A Lesson from Dad

The "Dad" I am talking about is Bill Miller.  No, not the one you already know, although we admire the Legg Mason fund manager.  I lost my Bill Miller last year, but the lessons are still there.  Some of them are quite relevant for investors.  (We did a little father/son bonding at Chez Dash this weekend.  Missions accomplished with only one circuit breaker kicked and a couple of buckets of water.  Dad was smiling.)

A Famous Miller Family Story

Here is a signature moment from the young Bill Miller.  I am quoting the key elements, but the tale is told in more detail in this article, Respect versus Arrogance.

The passing of my father, William H. Miller,
last week, and some hours of thought on the road have sparked some
introspection.  What we try to do at "A Dash" bears his mark.  In a
way, that is strange.  Dad went to war instead of to college.  Growing
up in the Detroit area, he understood engines.  The principles are
simple:  Fuel, Oxygen, Ignition.  It is amazing how people can get this
wrong.

As a sailor on his first ship he found himself in an interesting
situation.  The engines had been overhauled, but would not start. 
Experienced machinists could not figure out the problem.  Officers were
hovering and complaining.  The young sailor asked if he could try
something.  There was a lot of skepticism, but he was given his
chance.  He knew that the fuel and air were OK, so he removed the spark
plug and tapped it on the deck, narrowing the gap.  When the plug was
replaced, the engines started!

If you could see a picture of the young sailor, cap tilted at a
jaunty angle, you might guess the mixed reaction.  The officers were
delighted at a problem solved.  Those in charge of the engines were
less enthusiastic.

This story was repeated many times over in his Navy career.  While
he never got all of the promotions he deserved, he was a fixture on the
boats deployed by his Captains.

No Substitute for Knowledge

A crucial lesson from this is that there is no substitute for actual knowledge about a subject.  It does not matter what your rank is.  It does not matter how many years you have served.  It does not matter how many other people call you "Sir."

If you do not have the knowledge, you cannot make the engine start.

The Investment World

There is an interesting difference between social science and engines.  When a theory about an engine is incorrect, the results show up right away.  When a theory about social science is incorrect, the idea may persist for many months — even years.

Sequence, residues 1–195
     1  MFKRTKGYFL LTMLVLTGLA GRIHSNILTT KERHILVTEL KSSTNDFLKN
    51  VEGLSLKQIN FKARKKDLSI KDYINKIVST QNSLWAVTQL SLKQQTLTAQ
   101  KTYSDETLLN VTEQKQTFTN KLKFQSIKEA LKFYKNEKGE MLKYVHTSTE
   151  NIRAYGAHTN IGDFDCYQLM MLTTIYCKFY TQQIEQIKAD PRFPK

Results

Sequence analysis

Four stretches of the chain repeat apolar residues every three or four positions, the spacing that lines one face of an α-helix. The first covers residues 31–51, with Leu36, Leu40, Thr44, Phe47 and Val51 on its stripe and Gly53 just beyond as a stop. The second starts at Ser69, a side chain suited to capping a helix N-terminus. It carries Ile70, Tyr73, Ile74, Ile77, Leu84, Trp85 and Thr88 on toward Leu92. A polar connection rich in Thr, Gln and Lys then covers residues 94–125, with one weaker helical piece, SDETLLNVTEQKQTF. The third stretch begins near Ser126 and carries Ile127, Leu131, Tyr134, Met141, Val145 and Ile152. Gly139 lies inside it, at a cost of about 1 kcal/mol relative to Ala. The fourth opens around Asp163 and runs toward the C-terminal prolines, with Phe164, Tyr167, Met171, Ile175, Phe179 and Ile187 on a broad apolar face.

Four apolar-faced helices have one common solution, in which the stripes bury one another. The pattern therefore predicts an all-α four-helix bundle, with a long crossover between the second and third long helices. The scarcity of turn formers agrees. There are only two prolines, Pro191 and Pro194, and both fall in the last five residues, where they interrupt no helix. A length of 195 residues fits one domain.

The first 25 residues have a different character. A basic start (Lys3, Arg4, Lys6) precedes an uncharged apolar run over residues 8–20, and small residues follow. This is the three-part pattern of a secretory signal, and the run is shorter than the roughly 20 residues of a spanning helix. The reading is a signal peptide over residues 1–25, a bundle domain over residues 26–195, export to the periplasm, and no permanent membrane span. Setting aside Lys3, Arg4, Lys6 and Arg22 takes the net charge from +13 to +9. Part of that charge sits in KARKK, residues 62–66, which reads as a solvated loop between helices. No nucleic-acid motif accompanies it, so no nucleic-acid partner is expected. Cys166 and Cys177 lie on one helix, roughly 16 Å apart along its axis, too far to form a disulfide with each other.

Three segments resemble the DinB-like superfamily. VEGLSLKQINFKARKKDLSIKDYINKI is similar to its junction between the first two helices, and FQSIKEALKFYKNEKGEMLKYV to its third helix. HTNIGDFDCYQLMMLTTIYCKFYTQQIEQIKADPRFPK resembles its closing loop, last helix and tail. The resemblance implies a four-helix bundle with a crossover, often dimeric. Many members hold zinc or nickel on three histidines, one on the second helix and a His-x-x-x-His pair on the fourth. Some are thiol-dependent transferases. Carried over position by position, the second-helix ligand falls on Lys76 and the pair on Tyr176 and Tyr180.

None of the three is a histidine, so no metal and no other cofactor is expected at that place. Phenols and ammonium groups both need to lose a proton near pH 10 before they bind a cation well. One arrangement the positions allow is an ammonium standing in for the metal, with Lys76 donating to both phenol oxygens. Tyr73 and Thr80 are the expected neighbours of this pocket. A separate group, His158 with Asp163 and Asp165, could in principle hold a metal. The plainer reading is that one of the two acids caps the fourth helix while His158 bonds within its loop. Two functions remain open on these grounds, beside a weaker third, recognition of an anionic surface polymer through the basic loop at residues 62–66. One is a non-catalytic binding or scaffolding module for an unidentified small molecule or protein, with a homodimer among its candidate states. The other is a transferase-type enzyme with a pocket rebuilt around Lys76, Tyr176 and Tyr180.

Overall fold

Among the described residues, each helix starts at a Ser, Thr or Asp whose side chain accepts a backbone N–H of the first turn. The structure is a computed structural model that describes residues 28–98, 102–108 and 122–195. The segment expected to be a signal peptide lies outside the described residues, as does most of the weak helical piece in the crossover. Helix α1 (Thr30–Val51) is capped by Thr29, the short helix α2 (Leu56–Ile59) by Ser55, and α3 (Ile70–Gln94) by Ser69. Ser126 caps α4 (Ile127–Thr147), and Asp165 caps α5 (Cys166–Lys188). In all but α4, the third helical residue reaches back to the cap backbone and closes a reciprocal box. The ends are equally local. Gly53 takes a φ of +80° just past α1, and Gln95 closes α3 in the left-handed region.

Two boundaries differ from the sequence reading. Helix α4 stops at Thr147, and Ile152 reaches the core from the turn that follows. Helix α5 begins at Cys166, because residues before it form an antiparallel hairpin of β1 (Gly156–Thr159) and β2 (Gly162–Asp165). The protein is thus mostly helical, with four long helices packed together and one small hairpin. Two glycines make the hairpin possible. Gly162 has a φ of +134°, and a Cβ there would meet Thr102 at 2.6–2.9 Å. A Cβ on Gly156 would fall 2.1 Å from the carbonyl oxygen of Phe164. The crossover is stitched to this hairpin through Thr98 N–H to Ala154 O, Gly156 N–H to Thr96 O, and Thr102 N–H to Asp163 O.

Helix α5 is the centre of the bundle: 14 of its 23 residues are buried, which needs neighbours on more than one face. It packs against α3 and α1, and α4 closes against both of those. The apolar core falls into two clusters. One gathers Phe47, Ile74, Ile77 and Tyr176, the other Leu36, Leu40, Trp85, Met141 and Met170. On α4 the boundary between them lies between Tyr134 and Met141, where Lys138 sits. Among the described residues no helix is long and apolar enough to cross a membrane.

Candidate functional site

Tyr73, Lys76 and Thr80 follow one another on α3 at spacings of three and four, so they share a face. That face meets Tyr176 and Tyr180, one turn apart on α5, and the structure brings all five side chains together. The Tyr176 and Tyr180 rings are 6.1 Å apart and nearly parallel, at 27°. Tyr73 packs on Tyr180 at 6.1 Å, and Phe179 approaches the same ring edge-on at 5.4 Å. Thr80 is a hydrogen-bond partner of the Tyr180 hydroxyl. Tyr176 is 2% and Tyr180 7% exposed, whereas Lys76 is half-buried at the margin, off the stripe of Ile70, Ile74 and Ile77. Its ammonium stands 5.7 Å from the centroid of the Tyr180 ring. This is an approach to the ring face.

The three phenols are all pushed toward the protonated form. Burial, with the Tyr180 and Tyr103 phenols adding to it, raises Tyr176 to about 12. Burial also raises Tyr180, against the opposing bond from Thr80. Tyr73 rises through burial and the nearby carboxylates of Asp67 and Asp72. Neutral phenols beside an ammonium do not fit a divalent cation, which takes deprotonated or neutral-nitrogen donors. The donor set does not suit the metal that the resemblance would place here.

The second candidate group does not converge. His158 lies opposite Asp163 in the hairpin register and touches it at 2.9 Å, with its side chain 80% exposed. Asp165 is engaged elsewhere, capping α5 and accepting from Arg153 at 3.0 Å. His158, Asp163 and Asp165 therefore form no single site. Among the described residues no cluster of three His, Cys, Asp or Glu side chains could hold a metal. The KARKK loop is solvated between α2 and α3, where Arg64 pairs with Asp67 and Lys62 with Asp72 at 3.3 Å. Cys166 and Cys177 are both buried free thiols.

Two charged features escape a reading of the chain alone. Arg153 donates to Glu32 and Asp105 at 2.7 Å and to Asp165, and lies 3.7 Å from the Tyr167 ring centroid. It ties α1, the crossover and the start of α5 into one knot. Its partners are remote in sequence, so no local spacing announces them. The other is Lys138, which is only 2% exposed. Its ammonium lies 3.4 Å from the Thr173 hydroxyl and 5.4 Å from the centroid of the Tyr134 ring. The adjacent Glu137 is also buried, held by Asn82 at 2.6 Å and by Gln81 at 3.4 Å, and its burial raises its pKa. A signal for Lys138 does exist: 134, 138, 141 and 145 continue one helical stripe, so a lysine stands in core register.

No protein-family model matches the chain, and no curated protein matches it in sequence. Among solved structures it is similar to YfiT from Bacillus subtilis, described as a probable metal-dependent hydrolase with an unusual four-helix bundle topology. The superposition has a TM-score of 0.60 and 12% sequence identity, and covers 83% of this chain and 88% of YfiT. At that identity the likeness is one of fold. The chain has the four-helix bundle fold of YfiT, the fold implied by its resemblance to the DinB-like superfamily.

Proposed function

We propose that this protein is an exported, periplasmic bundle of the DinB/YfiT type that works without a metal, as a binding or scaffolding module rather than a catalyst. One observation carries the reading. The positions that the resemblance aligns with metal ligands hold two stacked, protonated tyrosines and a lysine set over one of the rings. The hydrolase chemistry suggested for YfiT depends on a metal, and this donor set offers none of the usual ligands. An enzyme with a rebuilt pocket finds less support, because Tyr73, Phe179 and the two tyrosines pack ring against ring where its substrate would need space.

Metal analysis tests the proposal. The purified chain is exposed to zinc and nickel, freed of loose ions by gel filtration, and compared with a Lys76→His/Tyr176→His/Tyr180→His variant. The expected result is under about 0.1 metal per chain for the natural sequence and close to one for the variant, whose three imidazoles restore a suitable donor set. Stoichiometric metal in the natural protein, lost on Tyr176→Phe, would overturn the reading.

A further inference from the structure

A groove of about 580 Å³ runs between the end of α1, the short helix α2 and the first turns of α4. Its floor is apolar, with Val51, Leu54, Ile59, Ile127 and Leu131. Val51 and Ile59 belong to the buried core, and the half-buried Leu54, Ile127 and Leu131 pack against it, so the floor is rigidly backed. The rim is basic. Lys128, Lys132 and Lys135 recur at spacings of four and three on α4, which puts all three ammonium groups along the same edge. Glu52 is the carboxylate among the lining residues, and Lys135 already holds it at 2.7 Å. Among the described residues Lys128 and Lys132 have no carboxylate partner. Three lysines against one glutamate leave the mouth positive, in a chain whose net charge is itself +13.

This makes it much more difficult for the consumer of information. How do you know when the engine is not going to start?

Here are some red flags.

Misuse of the word "rigor."  A long causal chain with a lot of unsupported assumptions may seem powerful, but it does not meet the definition of rigorous.  A strong argument begins with an assumption that everyone would share, and then provides evidence at each point.  The longer the chain, the more evidence that is needed.  Whenever someone makes a big argument about "rigor", make sure that he has some credentials for each step in the chain.  Big hint:  Rigor usually means peer review.  Those with thin skins about criticism of their work are usually not rigorous.

Selection Bias.  This happens when one starts with a pre-conceived notion of the world and distorts evidence to fit the conclusion.  It is a characteristic of many of the leading investment blogs.  Ironically, many of the same bloggers talk frequently about behavioral economics and the dangers.

The "Slick" Factor.  Many of the top-ranking pundits are there because — well — because they are top ranking pundits.  They are cited as "friend/buddy/pals" of someone, or called "doctor" or "professor" to amplify credentials.  Most of them are good with sound bites on TV.  None of them could actually start the engine.  Most of these guys have never created a quantitative model, and would have no idea how to begin.  They do not know SPSS from American Idol.  Their charts come from others — those with a world view they want to sell.  Many become famous by making a prediction that works–eventually.  There is no real accounting of the investment impacts.

The "Big Money" Managers. Statements from the "big-time" fund managers carry a special warning.  Does it really need to be stated that these people always have an agenda?  If a manager has a fiduciary responsibility to clients and a fund, and then gets a spot on TV, what do you expect him to say?  It would be irresponsible and deceptive to talk against his own book.

Conclusion:  Strong Voices are Leading You Astray

Here is Bill Miller's lesson, some great principles applied to investing.

  • Don't take some long-winded analysis to be "rigorous."  Check whether the author has the relevant expertise — research methods, economics, government, etc.
  • Check your sources.  It is pretty easy.  If your favorite source dishes up a constant stream of one-sided commentary, you should already know the answer.  You can enjoy reading your source for entertainment, but not for investing.
  • Look beyond the "talkers" and check the actual predictions.
  • Do not conclude that someone in a uniform with braids really knows how to start the engine.

And finally,  realize that everyone is an expert on something.  Learn to listen instead of pretending that you already have all of the answers.  Be willing to challenge, but do not be arrogant.

Thanks, Dad.